“The training is quite extensive,” Swathwood said. “I was involved in theater for many years, and even I would say there’s a lot for volunteers to remember. But what’s interesting is each group is going to have its own set of knowledge about events. Each of the volunteers will have an opportunity to work with that group.”

A top-tier Holocaust museum

There are other Holocaust memorials and small museums around the country, some in university settings.

Susan Myers, president of the Association of Holocaust Organizations (AHO), said: “Our records indicate that there are 16 museums, including the St. Louis Kaplan Feldman Museum, with two more getting ready to break ground in Orlando and Boston. The United States Holocaust Memorial Museum in Washington, our national museum, is the largest. We put all the other museums in the second category, which are state, public and privately supported museums.”

Myers said the AHO doesn’t rank those 15 other museums in order of size or dollar amounts spent on construction and renovations because “they are all important to our mission.”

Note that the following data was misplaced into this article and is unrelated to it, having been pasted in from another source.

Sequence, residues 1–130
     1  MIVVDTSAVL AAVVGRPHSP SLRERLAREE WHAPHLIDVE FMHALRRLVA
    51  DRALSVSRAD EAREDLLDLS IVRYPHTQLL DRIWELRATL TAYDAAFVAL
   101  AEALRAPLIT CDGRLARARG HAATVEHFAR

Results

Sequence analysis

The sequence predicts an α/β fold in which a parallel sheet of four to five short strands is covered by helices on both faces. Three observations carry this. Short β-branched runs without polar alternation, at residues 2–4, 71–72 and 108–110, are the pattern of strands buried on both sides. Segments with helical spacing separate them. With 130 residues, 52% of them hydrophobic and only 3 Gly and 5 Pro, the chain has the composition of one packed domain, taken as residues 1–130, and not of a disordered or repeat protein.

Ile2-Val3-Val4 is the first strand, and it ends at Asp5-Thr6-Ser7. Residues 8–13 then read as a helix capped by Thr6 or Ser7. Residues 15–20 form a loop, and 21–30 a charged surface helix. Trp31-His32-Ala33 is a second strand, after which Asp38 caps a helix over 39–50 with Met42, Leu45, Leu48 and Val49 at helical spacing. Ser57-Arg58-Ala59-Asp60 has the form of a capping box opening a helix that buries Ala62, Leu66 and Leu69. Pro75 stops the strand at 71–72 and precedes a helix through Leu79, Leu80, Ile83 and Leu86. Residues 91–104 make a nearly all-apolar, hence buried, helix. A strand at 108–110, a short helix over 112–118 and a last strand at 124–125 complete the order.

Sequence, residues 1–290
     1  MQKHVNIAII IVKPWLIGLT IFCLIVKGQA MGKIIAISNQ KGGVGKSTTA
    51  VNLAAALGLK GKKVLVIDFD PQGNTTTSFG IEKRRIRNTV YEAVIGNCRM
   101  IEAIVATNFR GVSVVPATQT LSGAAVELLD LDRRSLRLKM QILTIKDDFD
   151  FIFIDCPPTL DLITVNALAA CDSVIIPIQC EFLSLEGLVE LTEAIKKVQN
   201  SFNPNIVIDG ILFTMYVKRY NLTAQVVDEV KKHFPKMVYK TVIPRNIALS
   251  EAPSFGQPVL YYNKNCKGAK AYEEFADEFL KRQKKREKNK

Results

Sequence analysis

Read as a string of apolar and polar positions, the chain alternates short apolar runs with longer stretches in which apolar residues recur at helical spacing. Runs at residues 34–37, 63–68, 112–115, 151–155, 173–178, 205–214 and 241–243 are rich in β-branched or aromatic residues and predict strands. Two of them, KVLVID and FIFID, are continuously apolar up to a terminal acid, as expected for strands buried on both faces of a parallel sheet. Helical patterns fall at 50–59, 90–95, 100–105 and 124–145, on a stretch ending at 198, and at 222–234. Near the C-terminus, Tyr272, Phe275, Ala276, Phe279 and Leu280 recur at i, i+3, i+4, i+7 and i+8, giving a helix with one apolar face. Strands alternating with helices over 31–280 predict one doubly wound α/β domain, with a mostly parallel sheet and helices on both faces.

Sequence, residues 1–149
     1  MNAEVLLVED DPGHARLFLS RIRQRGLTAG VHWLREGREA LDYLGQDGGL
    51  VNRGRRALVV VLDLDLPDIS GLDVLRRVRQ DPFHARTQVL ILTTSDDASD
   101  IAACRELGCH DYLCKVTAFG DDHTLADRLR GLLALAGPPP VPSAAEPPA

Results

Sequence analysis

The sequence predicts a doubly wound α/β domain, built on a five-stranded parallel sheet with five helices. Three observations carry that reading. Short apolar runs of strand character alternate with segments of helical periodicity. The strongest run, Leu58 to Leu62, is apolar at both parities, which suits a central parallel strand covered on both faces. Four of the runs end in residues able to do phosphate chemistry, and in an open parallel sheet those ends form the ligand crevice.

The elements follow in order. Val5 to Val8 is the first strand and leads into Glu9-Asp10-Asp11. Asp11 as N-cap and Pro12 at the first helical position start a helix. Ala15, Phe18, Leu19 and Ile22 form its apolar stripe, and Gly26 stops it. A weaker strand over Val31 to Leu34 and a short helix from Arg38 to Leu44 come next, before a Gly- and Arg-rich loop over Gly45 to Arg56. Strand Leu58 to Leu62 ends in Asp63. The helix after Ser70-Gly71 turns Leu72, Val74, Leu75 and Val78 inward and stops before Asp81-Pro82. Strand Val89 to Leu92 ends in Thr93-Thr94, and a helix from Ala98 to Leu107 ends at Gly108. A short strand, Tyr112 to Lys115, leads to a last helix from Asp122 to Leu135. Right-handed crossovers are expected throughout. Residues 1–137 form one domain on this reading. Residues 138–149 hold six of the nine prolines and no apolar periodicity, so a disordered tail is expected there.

The St. Louis museum was already tracked by AHO and, with the expansion, will be a destination for travelers, including students of history and those who study World War II.

Law enforcement and society

The St. Louis Kaplan Feldman Holocaust Museum is among a small group of Holocaust museums that participates in the Law Enforcement & Society program, which teaches law enforcement officials how police responded during the Holocaust and how to apply those lessons in their work today. It is one of the first institutions to pilot the program, which has trained thousands of law enforcement personnel. The program is held in conjunction with the Anti-Defamation League.

Separation from Jewish Federation

An Aug. 1 announcement that the museum would separate from Jewish Federation of St. Louis signaled the beginning of a new era for the museum, a 25-year-old institution. It was driven by Federation’s strategic plan. Jewish Federation President & CEO Brian Herstig, said running a museum of this size and scope is best handled by museum professionals.